Original Article on :- architecturaldigest.com
When it comes to décor and dinner parties, more is always more at the exuberantly appointed Manhattan home of Carlos Mota
On a recent Saturday night, some of Manhattan’s most fashionable were packed like society sardines into Carlos Mota’s intimate Chelsea apartment. Designer Tory Burch was settled on the living room’s silk shag carpet, chatting with philanthropist friends Jamie Tisch and Renee Rockefeller, who were perched on a button-tufted sectional modeled after banquettes in the Carlyle hotel. Nearby, German princess Elisabeth von Thurn und Taxis was talking Texas politics with Houston transplant Allison Sarofim while reclining on a Jansen daybed. In terms of glamour per square foot, the scene was something of a marvel.
“Live in a small apartment? Stuff it with people,” Mota, AD’s international style editor, later says with a laugh, dismissing the notion that a petite space is unsuitable for gracious entertaining. “If you can only fit six people at your table, invite 40. I like things more crazy, more messy, more unexpected.”
Born and raised in Venezuela, Mota moved to New York in the late 1980s looking for a change of pace. “My body and mind wanted something bigger and better,” he says. “Manhattan seemed like the right place, and it fit me like a glove.” Soon after relocating he found his footing in the field of interior design, working for decorator Perucho Valls of the celebrated firm Siskin Valls. “I had no formal training,” recalls Mota. “Just a strong appetite for beautiful things.”
Early in his career, the ebullient Mota learned one particularly valuable lesson: “If you’re tired of always being the life of the party, just make the party come to you.” He hosted the first of his soirées at his then-home in midtown, once shoving his mattress into the hall so that he could put a table in his bedroom. Since moving to Chelsea eight years ago, he has continued to throw these fêtes, welcoming such fashion greats as Valentino, Francisco Costa, and Giambattista Valli in addition to various art-world luminaries.
Guests typically commune in the living room, the nucleus of Mota’s physically compact but aesthetically oversize home. Forgoing an official dining area, he furnished the space with all varieties of seating—not only the sectional and daybed but also a second sofa, taborets, and two 1960s chairs that orbit a bespoke cocktail table lacquered in a bold coral. “I like color. I like to combine looks and periods. I don’t like just any one style,” he says. “I hate the word eclectic, so maybe I should call my look globally chic.”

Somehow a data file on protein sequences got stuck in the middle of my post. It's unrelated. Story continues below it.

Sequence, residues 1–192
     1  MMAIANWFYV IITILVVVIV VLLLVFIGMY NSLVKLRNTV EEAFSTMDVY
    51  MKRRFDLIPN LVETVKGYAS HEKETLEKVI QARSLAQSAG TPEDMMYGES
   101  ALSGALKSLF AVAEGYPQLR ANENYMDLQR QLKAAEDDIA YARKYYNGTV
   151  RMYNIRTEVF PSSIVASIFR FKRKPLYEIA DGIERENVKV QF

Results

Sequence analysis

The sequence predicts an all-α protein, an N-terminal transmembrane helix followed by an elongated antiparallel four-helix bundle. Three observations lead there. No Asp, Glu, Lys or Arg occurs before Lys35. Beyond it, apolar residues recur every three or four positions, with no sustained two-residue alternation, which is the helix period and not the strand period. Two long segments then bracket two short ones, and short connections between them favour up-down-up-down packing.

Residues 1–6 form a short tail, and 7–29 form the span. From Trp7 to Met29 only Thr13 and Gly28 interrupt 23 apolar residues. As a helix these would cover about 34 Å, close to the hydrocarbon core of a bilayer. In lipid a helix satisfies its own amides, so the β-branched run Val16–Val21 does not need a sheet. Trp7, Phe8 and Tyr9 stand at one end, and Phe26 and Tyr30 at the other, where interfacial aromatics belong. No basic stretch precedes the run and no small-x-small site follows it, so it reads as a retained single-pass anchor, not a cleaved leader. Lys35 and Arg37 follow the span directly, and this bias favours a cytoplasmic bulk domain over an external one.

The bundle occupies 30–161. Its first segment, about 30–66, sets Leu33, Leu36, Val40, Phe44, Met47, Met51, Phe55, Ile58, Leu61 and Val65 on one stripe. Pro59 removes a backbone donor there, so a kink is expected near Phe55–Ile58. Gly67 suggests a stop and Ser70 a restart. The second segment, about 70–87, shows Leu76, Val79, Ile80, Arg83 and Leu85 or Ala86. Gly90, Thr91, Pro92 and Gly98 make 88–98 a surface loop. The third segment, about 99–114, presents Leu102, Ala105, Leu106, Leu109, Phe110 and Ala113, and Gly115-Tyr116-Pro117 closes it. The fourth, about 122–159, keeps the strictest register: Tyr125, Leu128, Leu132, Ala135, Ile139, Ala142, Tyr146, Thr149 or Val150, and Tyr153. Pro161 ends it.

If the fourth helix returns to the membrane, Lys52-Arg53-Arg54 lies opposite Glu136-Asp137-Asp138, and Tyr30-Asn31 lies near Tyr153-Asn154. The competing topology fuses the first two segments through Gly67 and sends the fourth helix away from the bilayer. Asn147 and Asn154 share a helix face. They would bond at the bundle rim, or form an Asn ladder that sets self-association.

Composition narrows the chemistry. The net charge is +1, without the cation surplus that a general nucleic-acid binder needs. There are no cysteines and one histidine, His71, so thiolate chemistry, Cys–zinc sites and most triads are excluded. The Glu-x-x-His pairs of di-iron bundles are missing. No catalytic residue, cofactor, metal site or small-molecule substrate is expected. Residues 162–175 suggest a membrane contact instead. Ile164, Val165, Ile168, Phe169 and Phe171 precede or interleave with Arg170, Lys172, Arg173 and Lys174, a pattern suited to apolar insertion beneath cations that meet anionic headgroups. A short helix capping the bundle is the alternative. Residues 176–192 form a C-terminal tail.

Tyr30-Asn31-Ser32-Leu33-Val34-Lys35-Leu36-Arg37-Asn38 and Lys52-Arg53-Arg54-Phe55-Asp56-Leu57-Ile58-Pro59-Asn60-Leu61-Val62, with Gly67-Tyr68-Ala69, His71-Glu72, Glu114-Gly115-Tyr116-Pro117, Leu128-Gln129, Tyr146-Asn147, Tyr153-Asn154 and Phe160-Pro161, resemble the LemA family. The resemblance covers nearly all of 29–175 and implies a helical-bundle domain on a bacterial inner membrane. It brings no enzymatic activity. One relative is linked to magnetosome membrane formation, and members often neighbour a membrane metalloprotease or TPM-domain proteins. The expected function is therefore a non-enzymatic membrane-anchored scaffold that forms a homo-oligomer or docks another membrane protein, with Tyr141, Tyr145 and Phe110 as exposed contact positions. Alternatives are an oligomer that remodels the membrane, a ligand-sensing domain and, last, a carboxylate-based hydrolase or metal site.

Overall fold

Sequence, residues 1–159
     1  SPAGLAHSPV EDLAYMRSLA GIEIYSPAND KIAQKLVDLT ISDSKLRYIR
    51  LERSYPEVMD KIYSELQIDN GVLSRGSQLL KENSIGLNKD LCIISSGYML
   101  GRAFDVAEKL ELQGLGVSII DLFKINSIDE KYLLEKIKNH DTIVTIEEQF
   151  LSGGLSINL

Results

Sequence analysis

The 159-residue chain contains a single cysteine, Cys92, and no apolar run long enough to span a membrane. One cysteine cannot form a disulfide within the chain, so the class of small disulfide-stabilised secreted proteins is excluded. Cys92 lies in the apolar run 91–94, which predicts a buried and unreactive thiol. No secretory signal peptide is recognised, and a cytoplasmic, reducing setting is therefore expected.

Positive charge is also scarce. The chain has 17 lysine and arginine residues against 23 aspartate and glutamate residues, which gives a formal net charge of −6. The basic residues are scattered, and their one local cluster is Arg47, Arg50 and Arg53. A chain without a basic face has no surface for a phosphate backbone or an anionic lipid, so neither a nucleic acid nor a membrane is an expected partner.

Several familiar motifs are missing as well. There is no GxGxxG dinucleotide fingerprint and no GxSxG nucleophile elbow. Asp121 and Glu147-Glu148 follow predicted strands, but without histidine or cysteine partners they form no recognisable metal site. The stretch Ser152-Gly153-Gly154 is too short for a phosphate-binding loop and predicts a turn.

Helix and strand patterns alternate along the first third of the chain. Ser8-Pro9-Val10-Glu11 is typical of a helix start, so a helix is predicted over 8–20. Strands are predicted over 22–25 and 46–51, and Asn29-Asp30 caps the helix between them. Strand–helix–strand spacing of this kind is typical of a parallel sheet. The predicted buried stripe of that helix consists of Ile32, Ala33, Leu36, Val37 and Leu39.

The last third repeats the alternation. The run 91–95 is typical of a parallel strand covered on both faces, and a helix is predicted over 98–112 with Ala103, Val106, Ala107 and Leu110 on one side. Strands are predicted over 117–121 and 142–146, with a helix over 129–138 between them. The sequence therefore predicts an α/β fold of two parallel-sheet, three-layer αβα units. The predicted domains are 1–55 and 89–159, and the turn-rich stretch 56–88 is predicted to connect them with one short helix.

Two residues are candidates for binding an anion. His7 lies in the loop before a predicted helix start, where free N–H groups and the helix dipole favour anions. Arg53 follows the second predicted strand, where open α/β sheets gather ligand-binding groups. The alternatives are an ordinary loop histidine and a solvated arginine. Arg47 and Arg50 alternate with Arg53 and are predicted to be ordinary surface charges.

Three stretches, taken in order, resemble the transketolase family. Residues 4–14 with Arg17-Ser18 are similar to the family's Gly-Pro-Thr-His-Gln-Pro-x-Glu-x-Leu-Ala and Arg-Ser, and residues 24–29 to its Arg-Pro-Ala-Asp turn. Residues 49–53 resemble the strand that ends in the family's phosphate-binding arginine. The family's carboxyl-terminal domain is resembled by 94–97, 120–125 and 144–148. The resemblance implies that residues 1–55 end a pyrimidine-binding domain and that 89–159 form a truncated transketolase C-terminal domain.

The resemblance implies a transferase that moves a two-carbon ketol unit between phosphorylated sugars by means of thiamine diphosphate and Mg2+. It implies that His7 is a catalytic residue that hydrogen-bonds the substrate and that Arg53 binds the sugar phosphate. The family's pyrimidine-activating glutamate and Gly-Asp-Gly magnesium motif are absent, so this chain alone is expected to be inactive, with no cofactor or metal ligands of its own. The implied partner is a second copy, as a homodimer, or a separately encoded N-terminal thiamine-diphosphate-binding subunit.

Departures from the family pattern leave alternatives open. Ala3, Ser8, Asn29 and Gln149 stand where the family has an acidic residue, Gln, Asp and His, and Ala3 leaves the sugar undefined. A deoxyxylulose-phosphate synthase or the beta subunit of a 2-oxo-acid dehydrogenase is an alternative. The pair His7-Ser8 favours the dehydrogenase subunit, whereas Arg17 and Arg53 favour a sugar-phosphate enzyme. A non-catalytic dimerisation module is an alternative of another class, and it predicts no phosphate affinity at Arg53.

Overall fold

Mota is an endless source of punchy sound bites. “Lavender is the new beige,” he quips, referring to the hue of some pillows. And what of that chartreuse rug Burch found so inviting? “Carpets are the shoes of decor,” he says. “Have a good one and the whole room looks sophisticated. It’s like pairing Manolos with a T-shirt.” Unexpected eccentricities fill his home. An aluminum-foil elephant bust by artist Dean Millien hangs above the bed, mingling with photographs by David Benjamin Sherry and Alec Soth. The latter is responsible for an eye-catching picture titled I Can’t Go On Like This that features a handwritten breakup letter, colorful passages of which Mota loves to read aloud to visitors. The entryway displays an assortment of other finds, including a snapshot of supermodel Iman taken by her husband, David Bowie. In the same space, a couple of cerused-oak étagères contain some of Mota’s many design books—volumes frequently referenced in his work. He admits it can be confusing to find the right tome given that they are organized primarily by spine color. Mota’s favorite room is the bath, which he modeled in spirit if not palette after Diana Vreeland’s iconic all-red living room—a setting she once described as “a garden in hell.” With that phrase and her botanical wall treatment in mind, he clad much of the bath in fabric printed with a dramatic tree-of-life motif. “I like anything that feels different,” he says. “That applies to people, too.” As talk returns to the topic of entertaining, one wonders: What’s the wildest thing to have ever gone down at his place during a party? “What happens in Mota’s house stays in Mota’s house,” he says. “That’s the secret to hosting wonderful people—make them feel they can do nothing wrong. Of course, they will. But who’s telling?”